For a game that promised much, at first No Man’s Sky really failed to deliver. Developer Hello Games was shot into the spotlight by an unprecedented amount of media attention after Sony showcased it at E3 2014, and soon fans flocked to preorder the space exploration game that advertised itself as having limitless playability, unlimited places to discover, and a vast procedurally-generated universe to explore.
However, upon release, players were upset to discover that many of the features that were promised, such as multiplayer, exploration, and a journey to the center of the universe had much less breadth than promised, or were not in the game at all. In addition, there were some serious performance issues and game-breaking bugs. The conglomeration of all these factors left many players feeling disappointed, angry, and even cheated.
Unlike other game companies that have overpromised and underdelivered, however, Hello Games has worked hard since the game’s release to rectify complaints and issues that players have presented. Finally, 1 year since the game’s August 2016 launch, they have pushed out a major content patch in the Atlas Rises 1.3 update that has many players saying this is the game they felt No Man’s Sky was meant to be.
Below are excerpts of recent reviews of No Man’s Sky by players on Steam:
1.0 = No way.
1.1 = Hmm.
1.2 = Getting there.
1.3 = This is how the game should have released.
1.4 = I’m very excited to see what comes next.
Now Atlas Rises came out, I find myself READING to LEARN things about the LORE. I want to keep exploring because planets have CLASSES now. I fell into a cave that was filled with water. I flew over giant oceans and huge continents, and I haven’t even ventured outside a starting solar system yet.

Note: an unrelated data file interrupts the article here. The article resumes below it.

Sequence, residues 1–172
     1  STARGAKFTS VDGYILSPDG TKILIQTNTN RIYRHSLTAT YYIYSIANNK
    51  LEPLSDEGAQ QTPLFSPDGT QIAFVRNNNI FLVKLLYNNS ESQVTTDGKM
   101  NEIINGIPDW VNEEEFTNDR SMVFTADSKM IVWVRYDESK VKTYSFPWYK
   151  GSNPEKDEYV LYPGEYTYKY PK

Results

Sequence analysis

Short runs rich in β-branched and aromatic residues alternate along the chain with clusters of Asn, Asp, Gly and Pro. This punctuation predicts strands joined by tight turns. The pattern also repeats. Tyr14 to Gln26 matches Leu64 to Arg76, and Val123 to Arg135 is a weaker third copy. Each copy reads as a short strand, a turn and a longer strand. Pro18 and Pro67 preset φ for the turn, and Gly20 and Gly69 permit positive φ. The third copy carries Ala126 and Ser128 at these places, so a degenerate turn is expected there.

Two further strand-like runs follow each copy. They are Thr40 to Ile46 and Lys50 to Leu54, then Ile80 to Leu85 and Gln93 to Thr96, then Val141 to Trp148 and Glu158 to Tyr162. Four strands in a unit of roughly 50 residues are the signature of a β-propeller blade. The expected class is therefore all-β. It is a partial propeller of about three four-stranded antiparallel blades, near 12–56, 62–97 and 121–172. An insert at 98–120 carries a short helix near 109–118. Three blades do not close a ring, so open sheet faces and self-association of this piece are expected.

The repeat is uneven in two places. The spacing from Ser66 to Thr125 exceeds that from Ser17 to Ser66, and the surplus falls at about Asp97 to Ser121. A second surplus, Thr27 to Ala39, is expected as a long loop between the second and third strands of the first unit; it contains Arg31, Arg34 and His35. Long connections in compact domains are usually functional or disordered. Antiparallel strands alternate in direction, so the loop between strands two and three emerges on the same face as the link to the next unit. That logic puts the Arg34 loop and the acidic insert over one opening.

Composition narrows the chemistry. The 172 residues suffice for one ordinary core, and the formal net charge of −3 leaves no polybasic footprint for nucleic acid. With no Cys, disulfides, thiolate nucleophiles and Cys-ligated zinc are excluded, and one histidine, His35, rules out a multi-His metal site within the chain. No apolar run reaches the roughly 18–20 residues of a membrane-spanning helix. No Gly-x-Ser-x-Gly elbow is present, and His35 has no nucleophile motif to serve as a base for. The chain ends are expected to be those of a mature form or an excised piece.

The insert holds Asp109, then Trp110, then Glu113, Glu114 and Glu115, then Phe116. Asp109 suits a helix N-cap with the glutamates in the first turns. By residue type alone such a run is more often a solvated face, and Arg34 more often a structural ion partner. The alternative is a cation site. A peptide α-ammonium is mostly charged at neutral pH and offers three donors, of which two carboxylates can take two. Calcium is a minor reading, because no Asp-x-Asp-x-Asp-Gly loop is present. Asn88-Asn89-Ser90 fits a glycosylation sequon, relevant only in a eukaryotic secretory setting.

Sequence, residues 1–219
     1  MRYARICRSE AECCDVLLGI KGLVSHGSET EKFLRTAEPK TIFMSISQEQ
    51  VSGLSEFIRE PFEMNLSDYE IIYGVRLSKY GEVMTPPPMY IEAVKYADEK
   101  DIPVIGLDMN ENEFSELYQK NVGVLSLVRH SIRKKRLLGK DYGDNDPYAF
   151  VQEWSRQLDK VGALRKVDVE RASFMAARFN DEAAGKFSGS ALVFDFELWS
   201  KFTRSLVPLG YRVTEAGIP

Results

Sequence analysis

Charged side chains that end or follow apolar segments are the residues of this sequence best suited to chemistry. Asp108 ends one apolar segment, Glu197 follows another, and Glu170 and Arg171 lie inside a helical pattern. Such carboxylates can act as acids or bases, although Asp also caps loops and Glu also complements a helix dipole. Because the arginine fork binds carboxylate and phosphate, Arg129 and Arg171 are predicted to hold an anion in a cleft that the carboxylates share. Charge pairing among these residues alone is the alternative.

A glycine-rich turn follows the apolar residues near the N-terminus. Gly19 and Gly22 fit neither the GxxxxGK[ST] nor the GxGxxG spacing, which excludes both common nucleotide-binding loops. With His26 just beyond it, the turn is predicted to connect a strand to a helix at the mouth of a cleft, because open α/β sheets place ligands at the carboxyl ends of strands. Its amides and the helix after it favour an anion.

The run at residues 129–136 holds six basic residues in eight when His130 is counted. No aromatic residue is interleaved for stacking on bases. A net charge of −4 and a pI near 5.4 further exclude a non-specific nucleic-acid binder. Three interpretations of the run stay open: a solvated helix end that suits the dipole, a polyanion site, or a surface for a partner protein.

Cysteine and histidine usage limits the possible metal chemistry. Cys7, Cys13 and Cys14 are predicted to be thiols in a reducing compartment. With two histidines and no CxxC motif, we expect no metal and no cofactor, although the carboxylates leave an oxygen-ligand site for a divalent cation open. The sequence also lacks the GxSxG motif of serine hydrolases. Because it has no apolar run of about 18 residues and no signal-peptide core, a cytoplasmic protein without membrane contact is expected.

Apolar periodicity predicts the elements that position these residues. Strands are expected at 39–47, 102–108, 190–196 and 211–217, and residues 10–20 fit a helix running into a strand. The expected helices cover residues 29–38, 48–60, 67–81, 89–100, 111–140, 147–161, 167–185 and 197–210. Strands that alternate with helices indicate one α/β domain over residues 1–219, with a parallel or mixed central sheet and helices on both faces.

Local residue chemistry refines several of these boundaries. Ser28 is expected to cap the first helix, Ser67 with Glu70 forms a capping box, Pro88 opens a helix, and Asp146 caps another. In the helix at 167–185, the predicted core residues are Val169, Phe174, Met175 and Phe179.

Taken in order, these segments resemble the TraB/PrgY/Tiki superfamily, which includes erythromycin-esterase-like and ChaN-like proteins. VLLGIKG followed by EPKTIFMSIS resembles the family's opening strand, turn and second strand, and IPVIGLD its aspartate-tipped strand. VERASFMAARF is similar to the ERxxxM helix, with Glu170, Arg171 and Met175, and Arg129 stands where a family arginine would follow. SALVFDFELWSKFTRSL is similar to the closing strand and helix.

With each update, the game becomes more like a first person Starbound and I LOVE IT.
Looking through Hello Games’ patch notes, it’s easy to see why. Update 1.3 boasts 30 hours of story gameplay, a huge graphical overhaul, more and more interesting NPCs, planetary systems with increased complexity, better trade, an improved mission system, improvements to dogfighting, randomly generated lootable crash sites, and much more.
The massive update seems to have reinvigorated players with the hunger for exploration and discovery that they felt at the game’s launch, with many reporting never-before-seen biomes, flora, fauna, and structures on new planets.
Here Youtuber Mac Foraday found a planet full of strange floating obelisk-like crystals.
Sony Pony found an eerie planet full of bubbles.
Mac Foraday posted an video in which he gleefully uses the game’s new portals for the first time.
And perhaps the biggest draw for players will be the sort of half-measure placeholder for true multiplayer. Players still can’t interact with each other, but they can see when other players are around them represented by floating orbs, as seen here in this gif from the patch notes:
Here’s what Hello Games had to say about multiplayer:
Visualised by strange floating orbs, up to 16 players can see and communicate with one another, and explore the universe together. While interaction with others is currently very limited, this is an important first step into the world of synchronous co-op in No Man’s Sky…VOIP (Voice over IP) allows proximity based voice chat with other nearby explorers.
Though it had a rocky start, No Man’s Sky seems to be going in a direction that players love, thanks to its developers’ hard work to turn the game into the experience they promised from the start. With players already elated with the current state of the game and more updates in the works, it’s no surprise that many are eager to see what comes next.